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Trump steps up search for a national security adviser

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WEST PALM BEACH, Fla. — President Trump on Sunday stepped up his search for a national security adviser, conducting interviews with several candidates, and held talks with aides on health care policy, while his team pushed back against depictions of a young administration in disarray.

His chief of staff used appearances on the Sunday news shows to echo Trump’s complaints about media coverage of the White House and cited what he said were multiple accomplishments in the first few weeks of the new presidency.


‘‘The truth is that we don’t have problems in the West Wing,’’ Reince Priebus told NBC’s ‘‘Meet the Press.’’ He also denied a report Trump advisers were in touch with Russian intelligence advisers during the 2016 campaign, and said he had assurances from ‘‘the top levels of the intelligence community’’ that it was false.

After weeks of tumult in Washington, Trump returned to Florida and his private club for a third straight weekend.

After a raucous campaign-style rally Saturday night, Trump and his wife, Melania, stopped by a fund-raiser at his private Palm Beach club, put on by Dana-Farber Cancer Institute of Boston.

Trump is seeking a replacement for ousted Michael Flynn as national security adviser.

Scheduled to discuss the job with the president at Mar-a-Lago were John Bolton, a former US ambassador to the United Nations; Army Lieutenant General Robert Caslen, superintendent of West Point; retired Army Lieutenant General Keith Kellogg, an acting Trump adviser; and Army Lieutenant General H.R. McMaste.


Trump pushed out Flynn last Monday after revelations he misled Vice President Mike Pence about having discussed sanctions with Russia’s ambassador to the United States during the presidential transition.

Trump said Thursday that he was disappointed by how Flynn had treated Pence but did not believe Flynn had done anything wrong. Trump’s first choice to replace Flynn, a retired vice admiral, Robert Harward, turned down the offer.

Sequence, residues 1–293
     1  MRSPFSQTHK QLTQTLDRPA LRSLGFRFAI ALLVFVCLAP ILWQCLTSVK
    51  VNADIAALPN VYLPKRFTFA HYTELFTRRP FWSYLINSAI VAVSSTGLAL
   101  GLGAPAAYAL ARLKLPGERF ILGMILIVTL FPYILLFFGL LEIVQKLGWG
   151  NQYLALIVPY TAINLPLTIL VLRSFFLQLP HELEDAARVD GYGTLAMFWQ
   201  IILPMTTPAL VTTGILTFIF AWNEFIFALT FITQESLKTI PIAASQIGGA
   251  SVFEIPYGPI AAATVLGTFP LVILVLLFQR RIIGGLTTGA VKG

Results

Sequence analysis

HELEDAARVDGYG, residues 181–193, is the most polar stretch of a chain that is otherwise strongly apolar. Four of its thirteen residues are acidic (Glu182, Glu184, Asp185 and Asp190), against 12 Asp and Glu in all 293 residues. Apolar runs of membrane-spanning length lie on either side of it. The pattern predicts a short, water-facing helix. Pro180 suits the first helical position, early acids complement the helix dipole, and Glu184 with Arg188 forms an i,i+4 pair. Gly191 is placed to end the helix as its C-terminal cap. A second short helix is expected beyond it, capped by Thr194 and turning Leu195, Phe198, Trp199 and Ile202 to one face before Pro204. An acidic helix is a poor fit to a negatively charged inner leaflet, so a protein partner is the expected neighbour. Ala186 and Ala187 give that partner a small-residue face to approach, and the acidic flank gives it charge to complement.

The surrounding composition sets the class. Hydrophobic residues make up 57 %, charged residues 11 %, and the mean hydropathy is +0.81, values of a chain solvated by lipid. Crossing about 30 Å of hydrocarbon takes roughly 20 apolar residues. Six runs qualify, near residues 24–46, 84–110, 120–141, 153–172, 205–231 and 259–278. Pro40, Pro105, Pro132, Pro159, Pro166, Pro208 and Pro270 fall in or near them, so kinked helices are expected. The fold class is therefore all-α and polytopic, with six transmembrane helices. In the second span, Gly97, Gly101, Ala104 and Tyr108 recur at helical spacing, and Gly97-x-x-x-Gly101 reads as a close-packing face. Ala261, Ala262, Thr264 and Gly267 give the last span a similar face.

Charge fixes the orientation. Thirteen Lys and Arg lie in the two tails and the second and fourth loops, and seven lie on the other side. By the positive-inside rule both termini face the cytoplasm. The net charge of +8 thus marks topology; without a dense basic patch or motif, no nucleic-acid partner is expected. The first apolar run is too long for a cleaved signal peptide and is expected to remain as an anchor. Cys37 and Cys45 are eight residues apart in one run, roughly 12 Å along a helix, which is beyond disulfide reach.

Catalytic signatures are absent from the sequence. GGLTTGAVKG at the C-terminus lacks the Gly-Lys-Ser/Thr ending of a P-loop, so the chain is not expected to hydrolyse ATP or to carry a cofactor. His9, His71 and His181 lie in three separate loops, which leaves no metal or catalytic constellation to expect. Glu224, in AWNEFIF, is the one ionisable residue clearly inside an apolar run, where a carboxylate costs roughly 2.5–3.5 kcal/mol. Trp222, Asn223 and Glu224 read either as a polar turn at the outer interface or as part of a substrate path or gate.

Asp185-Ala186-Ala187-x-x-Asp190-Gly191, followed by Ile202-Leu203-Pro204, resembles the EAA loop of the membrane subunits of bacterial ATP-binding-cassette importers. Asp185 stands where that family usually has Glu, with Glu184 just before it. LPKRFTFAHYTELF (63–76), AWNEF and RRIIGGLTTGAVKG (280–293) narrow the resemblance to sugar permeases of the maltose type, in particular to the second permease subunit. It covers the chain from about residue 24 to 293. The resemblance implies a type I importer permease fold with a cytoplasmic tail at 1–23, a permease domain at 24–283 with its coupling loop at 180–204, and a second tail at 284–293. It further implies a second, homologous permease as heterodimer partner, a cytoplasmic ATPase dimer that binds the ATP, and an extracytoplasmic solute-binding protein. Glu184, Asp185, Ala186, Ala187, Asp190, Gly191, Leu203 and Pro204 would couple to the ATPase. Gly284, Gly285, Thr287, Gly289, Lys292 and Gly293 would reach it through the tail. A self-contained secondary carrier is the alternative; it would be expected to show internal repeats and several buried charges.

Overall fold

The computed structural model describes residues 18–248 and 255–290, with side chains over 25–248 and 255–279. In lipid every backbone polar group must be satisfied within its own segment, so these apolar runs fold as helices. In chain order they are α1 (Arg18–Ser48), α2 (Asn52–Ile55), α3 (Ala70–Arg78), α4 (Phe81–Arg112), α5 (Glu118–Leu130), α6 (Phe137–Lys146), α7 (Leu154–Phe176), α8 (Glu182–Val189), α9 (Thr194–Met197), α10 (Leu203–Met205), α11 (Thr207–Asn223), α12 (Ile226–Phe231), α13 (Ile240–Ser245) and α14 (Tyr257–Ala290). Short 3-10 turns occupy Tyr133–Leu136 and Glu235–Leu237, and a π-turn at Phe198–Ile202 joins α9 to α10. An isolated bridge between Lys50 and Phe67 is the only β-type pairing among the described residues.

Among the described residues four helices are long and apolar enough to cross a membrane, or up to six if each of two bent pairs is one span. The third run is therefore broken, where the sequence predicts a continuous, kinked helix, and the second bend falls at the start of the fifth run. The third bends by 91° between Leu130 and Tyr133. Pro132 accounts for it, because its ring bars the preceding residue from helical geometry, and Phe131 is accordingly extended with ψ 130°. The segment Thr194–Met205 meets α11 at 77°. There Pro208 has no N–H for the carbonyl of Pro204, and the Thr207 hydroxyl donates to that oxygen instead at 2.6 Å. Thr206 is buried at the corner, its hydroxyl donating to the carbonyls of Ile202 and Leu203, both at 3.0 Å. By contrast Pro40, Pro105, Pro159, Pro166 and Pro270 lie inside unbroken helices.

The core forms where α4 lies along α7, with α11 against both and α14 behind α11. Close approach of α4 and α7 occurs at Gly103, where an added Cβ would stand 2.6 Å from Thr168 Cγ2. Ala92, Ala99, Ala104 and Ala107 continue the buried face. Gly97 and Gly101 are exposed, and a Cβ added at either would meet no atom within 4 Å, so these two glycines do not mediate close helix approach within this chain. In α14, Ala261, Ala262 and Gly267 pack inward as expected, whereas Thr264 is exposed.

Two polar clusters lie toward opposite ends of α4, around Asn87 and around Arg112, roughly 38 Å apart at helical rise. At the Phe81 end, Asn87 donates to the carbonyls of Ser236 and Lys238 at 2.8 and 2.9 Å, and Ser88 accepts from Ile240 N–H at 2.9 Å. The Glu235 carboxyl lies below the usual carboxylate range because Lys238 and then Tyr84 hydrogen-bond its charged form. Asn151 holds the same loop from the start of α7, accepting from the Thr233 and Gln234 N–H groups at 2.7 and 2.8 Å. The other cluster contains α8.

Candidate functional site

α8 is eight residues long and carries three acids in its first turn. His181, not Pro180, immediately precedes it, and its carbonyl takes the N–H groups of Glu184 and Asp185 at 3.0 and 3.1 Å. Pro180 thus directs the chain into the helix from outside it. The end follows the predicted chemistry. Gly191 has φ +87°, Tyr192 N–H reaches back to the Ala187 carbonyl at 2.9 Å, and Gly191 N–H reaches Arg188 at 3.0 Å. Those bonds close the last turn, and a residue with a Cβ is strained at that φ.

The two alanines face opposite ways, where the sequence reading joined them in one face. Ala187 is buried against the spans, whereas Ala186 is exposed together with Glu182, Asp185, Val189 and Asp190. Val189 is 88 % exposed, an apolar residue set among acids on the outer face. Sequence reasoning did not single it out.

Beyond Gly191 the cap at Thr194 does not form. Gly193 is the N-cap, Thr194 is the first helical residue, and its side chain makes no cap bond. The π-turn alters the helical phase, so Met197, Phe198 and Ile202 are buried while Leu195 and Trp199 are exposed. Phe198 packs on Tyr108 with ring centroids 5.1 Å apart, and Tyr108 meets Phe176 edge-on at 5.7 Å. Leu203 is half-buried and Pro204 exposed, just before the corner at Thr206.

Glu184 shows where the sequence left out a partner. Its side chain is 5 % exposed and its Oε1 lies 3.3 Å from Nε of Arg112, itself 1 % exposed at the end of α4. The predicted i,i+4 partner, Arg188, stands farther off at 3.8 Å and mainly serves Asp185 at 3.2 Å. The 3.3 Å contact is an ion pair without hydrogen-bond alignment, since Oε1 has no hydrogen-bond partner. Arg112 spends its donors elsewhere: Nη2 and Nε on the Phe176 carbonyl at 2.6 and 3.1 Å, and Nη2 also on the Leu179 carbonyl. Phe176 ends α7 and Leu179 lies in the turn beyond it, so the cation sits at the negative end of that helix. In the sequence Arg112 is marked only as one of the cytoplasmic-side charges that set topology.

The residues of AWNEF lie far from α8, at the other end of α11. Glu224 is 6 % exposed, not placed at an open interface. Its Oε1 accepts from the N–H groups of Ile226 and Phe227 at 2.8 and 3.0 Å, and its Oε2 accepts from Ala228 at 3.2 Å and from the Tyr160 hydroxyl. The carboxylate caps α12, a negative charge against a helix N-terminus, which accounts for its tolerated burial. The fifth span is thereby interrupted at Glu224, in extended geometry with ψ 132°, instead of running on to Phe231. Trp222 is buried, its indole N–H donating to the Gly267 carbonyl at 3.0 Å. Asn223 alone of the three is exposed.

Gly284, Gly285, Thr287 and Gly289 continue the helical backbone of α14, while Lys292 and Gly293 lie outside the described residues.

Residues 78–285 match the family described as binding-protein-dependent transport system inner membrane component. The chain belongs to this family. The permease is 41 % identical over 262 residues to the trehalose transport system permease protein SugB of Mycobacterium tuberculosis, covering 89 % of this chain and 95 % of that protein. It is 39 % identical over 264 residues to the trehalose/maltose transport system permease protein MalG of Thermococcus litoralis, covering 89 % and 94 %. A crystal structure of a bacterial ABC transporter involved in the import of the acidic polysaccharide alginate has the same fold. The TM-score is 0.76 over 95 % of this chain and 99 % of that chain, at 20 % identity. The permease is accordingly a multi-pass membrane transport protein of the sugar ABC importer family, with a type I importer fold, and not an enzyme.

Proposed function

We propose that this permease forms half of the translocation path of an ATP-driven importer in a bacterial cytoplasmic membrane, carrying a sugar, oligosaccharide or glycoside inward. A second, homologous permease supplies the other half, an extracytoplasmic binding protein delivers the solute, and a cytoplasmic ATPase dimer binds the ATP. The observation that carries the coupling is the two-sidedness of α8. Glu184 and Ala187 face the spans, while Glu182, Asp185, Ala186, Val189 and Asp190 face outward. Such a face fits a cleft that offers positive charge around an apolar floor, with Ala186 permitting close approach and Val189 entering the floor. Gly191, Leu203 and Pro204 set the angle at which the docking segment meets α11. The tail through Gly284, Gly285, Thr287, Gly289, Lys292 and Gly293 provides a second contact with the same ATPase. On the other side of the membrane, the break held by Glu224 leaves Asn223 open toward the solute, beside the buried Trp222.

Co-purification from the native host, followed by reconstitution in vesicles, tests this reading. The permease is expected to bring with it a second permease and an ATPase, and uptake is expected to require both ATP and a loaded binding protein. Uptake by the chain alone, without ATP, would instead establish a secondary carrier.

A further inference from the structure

Trump discussed health care policy in a meeting with Health Secretary Tom Price and Mick Mulvaney, director of the White House budget office.

Top House Republicans last week presented a rough sketch of a health overhaul to rank-and-file lawmakers that would void President Obama’s 2010 law and replace it with conservative policies. It includes a revamped Medicaid program for the poor, tax breaks to help people pay doctors’ bills, and federally subsidized state pools to assist those with costly medical conditions in buying insurance.

House Speaker Paul Ryan, has said Republicans would introduce legislation repealing and replacing the Affordable Care Act after Congress returns in late February, but he offered no specifics.

In a separate development, a Democrat on the Federal Election Commission said she will quit her term early because of the gridlock that has gripped the panel, offering Trump an unexpected chance to shape political spending rules.

Ann M. Ravel said she’ll send a letter of resignation this week. She pointed to a series of deadlocked votes between the panel’s three Democrats and three Republicans that she said left her little hope the group would ever be able to rein in campaign finance abuses.

“The ability of the commission to perform its role has deteriorated significantly,” Ravel told The New York Times.

Her departure could set off a fight over how a new commissioner should be picked. By tradition, Senate Democrats would be allowed to select the replacement, but by law the choice belongs to the president.

But the panel can’t have more than three members from any political party.

Ravel said she’s concerned that Trump might seek to name her replacement. “But I’m hoping that he will understand the need to appoint people who actually believe in the mission of the agency,” she told the Times.

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